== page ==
Under the original act of January 27, 1849, the obligations of the State for money borrowed were required to be signed by the Treasurer and countersigned by the Comptroller, "in sums not less than one thousand dollars each, pledging the State for the payment of the sum therein mentioned, with interest thereon at the rate of interest not exceeding six per cent per annum, payable semi-annually at such times and places as the Treasurer may appoint, the principal of which certificates shall be redeemable at the end of thirty years from the time the same are issued."

    There is nothing in that statute to show that certificates issued under it are to be negotiable from hand to hand, or assignable by the mere act of the holder, so as to create a contract between the State and any assignee. On the contrary, the statute requires that they shall be registered at large by the Comptroller at the time of his countersigning them; and the only transfer provided for is on the books of the Treasurer; and by surrender of the old certificate and issue of a new one instead thereof to the assignee.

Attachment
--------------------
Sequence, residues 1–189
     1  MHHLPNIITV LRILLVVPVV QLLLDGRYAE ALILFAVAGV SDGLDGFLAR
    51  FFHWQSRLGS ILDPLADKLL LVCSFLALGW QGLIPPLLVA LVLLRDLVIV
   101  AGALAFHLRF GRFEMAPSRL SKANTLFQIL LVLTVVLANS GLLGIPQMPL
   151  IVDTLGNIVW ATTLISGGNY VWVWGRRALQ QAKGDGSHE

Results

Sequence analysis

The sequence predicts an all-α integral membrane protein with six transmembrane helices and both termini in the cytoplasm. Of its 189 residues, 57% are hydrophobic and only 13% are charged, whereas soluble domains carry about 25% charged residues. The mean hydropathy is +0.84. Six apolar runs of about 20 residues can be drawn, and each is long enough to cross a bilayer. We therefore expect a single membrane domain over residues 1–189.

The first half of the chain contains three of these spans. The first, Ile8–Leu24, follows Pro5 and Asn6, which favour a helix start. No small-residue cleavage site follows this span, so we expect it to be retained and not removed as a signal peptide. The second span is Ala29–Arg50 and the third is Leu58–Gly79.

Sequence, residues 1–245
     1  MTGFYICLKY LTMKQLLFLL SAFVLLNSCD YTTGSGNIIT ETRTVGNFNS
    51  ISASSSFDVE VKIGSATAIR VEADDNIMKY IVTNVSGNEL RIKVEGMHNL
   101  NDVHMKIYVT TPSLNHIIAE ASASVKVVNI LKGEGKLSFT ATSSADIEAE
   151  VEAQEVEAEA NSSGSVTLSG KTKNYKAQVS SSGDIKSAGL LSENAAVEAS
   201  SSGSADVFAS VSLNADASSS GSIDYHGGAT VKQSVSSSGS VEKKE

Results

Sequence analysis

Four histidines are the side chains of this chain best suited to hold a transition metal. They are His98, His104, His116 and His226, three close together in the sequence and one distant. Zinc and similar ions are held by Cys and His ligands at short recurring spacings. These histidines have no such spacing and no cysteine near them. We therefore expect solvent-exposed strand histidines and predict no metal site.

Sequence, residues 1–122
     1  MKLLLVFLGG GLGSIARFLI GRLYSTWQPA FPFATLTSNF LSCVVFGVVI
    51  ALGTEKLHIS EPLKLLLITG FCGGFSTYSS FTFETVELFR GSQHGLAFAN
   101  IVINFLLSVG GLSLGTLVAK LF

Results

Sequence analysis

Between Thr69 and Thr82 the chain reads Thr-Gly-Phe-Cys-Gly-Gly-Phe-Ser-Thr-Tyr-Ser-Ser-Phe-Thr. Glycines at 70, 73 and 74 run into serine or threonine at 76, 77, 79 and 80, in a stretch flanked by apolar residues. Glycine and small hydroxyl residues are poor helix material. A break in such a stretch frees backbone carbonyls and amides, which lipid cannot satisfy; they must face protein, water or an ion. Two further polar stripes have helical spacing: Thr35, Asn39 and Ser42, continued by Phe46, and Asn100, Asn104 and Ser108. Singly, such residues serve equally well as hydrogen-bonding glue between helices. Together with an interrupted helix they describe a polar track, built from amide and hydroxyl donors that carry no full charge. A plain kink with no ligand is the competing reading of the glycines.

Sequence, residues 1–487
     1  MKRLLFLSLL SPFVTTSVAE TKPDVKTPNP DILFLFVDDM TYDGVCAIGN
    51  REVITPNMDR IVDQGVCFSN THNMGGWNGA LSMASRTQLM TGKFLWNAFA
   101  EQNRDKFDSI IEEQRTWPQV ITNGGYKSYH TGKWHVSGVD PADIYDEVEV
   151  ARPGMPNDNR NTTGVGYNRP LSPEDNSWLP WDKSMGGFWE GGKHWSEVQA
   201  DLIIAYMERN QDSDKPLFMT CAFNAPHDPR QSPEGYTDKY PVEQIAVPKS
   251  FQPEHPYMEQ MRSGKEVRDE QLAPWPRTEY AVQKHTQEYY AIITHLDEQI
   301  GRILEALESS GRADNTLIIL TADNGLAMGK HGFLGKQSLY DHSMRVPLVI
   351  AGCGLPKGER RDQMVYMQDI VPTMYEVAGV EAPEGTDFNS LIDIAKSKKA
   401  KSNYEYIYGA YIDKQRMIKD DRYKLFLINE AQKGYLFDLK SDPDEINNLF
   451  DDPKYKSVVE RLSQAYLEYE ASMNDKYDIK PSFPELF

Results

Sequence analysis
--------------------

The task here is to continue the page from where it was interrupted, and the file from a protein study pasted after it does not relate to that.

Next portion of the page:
In that act, as no other date is mentioned for the payment of the principal than the date at which it "shall be redeemable," it would be difficult (as is admitted by the learned counsel for the United States, citing Vermilye v. Adams Express Co., 21 Wall. 138, 145) to attribute to the word "redeemable" any other meaning than "payable;" and the provision that the interest shall be "payable semi-annually at such times and places as the Treasurer may appoint," naturally relates to interest before the date fixed for payment of the principal, and could hardly be extended to imply an authority to the Treasurer and the Comptroller to bind the State to pay interest after that date.

    But any doubt upon this point is removed by the act of December *221 22, 1852, pursuant to the provisions of which the bonds in suit were issued.